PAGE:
Based on interference phenomenon, optical methods and instruments (Michelson, Mach-Zender, Twaiman-Green and other interferometers) are widely used for determining the quality of optical elements, of optical and other materials media homogeneity, for precise measuring of distances and for many other purposes. The most convenient are the laser interferometers in which a laser is used as a source of light.

In wave optics, the law of rectilinear light propagation in a homogeneous medium is invalid. If a plane monochromatic wave falls on an aperture of an arbitrary shape in an opaque screen, then for a small distance behind the screen the cross-section shape of the light beam replicates the aperture shape, i.e., there is a sharp boundary between light and shadow. As the distance increases, and the light spot enlarges, its shape deforms and the boundary between light and shadow becomes less and less sharp. This is due to the light diffraction phenomenon. Light intensity distribution in beam cross-section behind a screen can be approximately calculated by the application of the Fresnel-Huygens principle. According to this principle, each point of wave front is a coherent source of a semispherical elementary wave. An envelope of these waves taking into account their interference represents a new wave front at the next moment. If the condition that the diffraction zone is remote from the beam source is valid (Fraunhofer diffraction), L >> D^{2}/λ, where L is the distance from aperture to the screen, D is a characteristic aperture size, then the distribution curve of light intensity in a diffraction pattern does not depend on the value of L. Diffraction in a near zone is called Fresnel diffraction. In the wave diffraction of a plane monochromatic wave by a round aperture, the remote zone diffraction pattern forms a central light circle, surrounded by alternating dark and light rings.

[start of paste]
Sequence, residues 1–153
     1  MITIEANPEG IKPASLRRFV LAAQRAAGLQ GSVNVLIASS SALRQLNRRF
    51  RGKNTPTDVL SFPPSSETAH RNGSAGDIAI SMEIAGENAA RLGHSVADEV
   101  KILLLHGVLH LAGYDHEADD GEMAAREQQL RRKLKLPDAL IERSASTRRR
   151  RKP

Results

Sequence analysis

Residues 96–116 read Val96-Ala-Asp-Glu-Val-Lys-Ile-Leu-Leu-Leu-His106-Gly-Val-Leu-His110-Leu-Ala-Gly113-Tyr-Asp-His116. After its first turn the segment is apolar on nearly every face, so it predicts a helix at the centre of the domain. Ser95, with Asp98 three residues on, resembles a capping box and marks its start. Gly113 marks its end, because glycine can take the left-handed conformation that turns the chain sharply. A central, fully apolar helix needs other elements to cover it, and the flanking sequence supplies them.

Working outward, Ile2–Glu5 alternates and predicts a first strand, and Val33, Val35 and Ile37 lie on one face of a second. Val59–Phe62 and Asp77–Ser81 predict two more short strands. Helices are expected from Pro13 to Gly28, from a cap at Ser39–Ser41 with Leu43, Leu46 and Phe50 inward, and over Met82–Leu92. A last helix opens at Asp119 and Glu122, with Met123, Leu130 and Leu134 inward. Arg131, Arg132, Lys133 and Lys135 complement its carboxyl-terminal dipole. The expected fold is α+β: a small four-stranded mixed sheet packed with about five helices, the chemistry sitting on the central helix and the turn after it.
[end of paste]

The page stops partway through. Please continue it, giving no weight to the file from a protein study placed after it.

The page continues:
Figure 5 shows relative local intensity, Ī = I/I_{O}, versus relative radius, = πDr/λL and also the total radiation power, , passing through a circle with radius . The value (φ of corresponding to the central circle is determined by the equation φ = 2.44 λ/D and 84 percent of total radiation energy passes through this circle. In diffraction of a parallel monochromatic light beam by a narrow long slit, a set of equidistant light and dark bands are formed on a screen, and a distance between the bands is proportional to the wavelength. An assembly of a large number of narrow parallel equidistant slits is called diffraction grating. When nonmonochromatic radiation is incident on a diffraction grating, spectral dispersion of the radiation occurs; thus such a grating is used as a dispersing element in many spectral instruments.